Simultaneously, there is a need for improvements in data governance and practices. Alwan outlined two dimensions of the data strategy debate: inter-organization; and inter-organization.
“Intra-organization is about how I control the data: what data I collect, why I’m collecting it and how I’m protecting and using it,” she explained. “Then there is interoperability, or between retailers, producers and logistics firms, for example. Collaboration and sharing of data is very important. Unless there is end-to-end visibility across the supply chain, A retailer will never know what is available and when it is going to arrive. All of this requires massive amounts of data, which means we need AI for scaling and also for predicting trends. Will be
Another area of data collaboration is between retailers and consumers, in what Alwan refers to as an “autonomous supply chain.” “It is about understanding demand signals from the point of consumption, whether online or physical, then translating this into organization systems in real-time to achieve planning and greater security of the supply chain. This is another area of AI maturity that we’re seeing grow.”
The Infosys Knowledge Institute’s Data + AI Radar found that organizations seeking to realize business outcomes from advanced AI must develop data practices that encourage sharing and position data as currency.
But even as the financial sector works to share data through the Open Banking Regime, Barras reflected on the need to protect customer information and privacy and to be deliberate about the value data has to both the organization and the customer. .
“In the world of data, you have to remember that you have many stakeholders,” he remarked. “The customer and the person who owns the data and to whom the data is associated, is in fact the curator of that information, and must have the right to choose where it is shared and how it is shared. To enable this Corporates like banks have a responsibility towards customers. This needs to be wrapped up in your data strategy.”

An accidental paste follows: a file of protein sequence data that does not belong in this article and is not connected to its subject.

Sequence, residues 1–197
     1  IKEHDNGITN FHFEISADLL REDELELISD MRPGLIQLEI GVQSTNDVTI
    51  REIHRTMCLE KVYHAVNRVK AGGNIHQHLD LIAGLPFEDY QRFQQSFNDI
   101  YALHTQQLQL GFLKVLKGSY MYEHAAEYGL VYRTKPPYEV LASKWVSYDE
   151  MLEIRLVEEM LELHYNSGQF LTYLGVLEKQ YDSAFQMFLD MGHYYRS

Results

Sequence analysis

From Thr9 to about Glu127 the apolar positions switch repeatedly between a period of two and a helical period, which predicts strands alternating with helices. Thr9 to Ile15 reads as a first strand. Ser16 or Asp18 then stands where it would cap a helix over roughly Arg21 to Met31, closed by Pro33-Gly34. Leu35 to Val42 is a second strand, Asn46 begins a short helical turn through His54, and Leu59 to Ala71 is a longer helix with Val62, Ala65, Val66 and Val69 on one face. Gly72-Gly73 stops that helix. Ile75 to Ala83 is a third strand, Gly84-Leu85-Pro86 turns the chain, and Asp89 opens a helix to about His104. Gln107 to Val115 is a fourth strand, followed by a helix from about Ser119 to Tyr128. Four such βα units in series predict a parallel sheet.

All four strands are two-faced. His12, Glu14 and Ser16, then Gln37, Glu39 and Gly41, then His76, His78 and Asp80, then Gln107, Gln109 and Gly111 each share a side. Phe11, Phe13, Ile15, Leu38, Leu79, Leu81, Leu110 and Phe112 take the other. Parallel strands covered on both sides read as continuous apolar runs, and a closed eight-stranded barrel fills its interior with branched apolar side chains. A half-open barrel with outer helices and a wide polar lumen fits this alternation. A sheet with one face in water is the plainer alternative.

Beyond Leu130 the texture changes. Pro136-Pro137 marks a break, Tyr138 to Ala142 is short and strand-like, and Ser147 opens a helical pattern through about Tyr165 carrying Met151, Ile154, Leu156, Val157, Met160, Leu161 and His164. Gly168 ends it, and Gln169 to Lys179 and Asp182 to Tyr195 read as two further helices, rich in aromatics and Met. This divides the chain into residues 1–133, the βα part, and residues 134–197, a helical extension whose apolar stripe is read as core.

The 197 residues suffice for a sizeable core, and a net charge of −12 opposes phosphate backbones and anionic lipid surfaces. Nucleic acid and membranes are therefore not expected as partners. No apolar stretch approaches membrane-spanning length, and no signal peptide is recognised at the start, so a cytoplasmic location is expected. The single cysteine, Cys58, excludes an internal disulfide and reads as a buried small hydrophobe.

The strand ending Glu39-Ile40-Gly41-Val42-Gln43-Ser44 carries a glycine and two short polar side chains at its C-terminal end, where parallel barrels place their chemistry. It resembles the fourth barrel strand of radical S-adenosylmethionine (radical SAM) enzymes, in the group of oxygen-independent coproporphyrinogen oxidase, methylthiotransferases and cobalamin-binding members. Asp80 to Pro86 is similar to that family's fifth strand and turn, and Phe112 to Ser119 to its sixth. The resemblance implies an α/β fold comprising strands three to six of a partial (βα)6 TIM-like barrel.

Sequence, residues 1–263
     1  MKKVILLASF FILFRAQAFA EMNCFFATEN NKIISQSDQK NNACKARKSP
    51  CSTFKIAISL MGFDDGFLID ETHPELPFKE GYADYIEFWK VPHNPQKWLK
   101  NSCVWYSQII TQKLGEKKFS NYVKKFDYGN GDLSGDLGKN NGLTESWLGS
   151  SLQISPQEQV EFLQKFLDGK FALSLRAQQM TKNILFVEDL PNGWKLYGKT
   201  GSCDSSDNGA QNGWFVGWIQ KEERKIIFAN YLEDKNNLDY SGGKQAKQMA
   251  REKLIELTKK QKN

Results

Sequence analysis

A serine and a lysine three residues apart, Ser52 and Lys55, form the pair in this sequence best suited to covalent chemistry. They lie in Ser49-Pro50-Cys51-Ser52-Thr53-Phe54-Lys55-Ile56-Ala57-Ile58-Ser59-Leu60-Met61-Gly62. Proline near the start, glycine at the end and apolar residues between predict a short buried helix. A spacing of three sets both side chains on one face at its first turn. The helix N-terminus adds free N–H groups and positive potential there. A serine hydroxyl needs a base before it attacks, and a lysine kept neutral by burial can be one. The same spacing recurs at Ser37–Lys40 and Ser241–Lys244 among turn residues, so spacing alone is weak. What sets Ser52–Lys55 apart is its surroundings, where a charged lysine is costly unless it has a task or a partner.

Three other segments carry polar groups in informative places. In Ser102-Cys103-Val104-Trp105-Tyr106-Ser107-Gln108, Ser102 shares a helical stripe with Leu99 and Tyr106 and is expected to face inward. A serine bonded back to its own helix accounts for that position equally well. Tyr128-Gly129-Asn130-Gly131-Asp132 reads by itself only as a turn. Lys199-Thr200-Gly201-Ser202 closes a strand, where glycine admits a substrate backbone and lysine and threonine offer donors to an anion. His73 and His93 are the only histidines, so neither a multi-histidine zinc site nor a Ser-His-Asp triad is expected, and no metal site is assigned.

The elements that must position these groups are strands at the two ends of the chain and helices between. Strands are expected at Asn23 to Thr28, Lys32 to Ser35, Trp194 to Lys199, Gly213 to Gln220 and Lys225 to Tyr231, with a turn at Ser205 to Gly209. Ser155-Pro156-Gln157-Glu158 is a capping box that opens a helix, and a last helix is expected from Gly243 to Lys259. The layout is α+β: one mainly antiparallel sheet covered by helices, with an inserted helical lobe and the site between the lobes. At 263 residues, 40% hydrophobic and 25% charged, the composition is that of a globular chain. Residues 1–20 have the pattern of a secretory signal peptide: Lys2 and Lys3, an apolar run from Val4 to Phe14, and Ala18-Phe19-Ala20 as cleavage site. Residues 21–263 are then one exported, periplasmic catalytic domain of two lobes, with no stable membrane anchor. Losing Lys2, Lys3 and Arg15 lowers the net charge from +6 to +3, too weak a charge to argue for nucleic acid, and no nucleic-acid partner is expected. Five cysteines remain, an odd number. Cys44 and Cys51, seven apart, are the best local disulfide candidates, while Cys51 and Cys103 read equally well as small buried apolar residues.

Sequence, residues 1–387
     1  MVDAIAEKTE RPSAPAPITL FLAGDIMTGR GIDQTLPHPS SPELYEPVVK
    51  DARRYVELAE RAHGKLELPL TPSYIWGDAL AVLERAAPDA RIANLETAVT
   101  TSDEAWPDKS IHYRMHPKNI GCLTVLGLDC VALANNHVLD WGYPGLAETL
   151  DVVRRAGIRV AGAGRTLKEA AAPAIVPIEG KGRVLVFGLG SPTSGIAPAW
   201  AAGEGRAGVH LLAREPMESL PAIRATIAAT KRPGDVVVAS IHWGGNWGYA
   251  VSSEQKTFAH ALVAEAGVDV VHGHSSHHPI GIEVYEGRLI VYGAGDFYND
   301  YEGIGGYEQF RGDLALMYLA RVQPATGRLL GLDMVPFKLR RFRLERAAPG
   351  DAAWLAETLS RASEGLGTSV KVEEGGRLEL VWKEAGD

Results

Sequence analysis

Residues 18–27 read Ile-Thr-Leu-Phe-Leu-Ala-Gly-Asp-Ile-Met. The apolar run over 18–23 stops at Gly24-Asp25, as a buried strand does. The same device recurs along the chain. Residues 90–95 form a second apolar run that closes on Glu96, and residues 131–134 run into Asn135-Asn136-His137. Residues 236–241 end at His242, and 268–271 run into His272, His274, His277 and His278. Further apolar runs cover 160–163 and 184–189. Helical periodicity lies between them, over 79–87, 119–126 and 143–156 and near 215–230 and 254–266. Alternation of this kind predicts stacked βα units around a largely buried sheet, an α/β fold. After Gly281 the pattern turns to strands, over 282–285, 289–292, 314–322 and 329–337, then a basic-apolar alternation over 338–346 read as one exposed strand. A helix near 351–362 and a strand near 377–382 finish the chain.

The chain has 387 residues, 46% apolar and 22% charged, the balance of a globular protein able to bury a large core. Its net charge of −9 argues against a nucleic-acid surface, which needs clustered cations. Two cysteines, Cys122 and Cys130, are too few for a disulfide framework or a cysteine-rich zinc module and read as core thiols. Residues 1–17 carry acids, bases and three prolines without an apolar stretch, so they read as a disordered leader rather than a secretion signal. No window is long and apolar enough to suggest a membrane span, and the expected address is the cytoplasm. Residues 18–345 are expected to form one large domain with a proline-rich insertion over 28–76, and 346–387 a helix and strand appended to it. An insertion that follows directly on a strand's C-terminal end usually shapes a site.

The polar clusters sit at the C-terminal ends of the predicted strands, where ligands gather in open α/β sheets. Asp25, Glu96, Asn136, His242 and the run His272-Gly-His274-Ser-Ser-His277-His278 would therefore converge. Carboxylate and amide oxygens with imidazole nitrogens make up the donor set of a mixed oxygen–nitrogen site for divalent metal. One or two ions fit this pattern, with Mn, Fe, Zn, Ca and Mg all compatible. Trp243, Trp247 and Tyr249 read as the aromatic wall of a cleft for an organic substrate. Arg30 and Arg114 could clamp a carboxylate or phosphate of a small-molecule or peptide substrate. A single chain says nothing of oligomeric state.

Internally, learning education and harnessing the wealth of data points MACS is capturing is a critical foundation for using AI successfully.
“Data and knowledge about a business is really important in that maturity curve before it enters the AI space,” Russell said. “Before jumping into your AI body of work or activities it is important to have great data and know what you have to some degree. But I also think AI can help us make that leap. There’s enough information out there but also to be open to whatever you might discover during that journey.”
Building trust with customers around AI still requires human oversight
It is clear that organizations have a responsibility to structurally address issues of trust and bias, especially as they lean toward allowing AI to autonomously generate results for customers. There must be ethical use of data and trust in what and how the information is used. As a result, parallel human oversight of what the machine is doing to ensure the results are accurate and ethical remains important.
“Trust in the source of the information and really clear ownership of that information is really important, so there is clear accountability in the organizational structure as to who is responsible for maintaining a piece of information that drives customer decision outcomes,” Barras said. . “Then over time, as it matures, we could potentially have two sets of AI tools looking at similar problem sets and validating each other’s results based on different data sets . So you at least get some verification of the information a set of drivers have.
Transparency of AI results with customers is another important element if trust in AI is to develop over time. This again comes back to strong collaboration with data owners and stakeholders, the ability to detail the data points that drive AI-based results, and explaining why the customer got the results they did.
“It’s so important to be conscious of bias and how you balance and provide huge sets of data that consistently work against bias and correct it,” Alwan said. “This will be critical to the success of AI in the business world.”
We all need to work with ChatGPT, not against it
Even as we strive for responsible AI use, ChatGPT is accelerating the adoption of Generative AI at an unprecedented rate. Test cases are being seen in everything from architectural design to writing poetry, claims law and developing software code. The panelists agreed that we are only scratching the surface of the use cases this generative AI can tackle.
In banking, it’s about experimenting in a controlled way and understanding ‘why’ generative AI is implemented to achieve tangible business results, Barras said. Alwan said that in the world of retail and consumer-facing industries, conversational commerce is already front and center and ChatGPT is set to further accelerate it.
For Russell, the most important thing is to make sure future generations learn how to use openly accessible AI tools and be properly prompted to gather good information from it, then refer to it. In other words, education evolves and works with it.
This is a good lesson for all of us.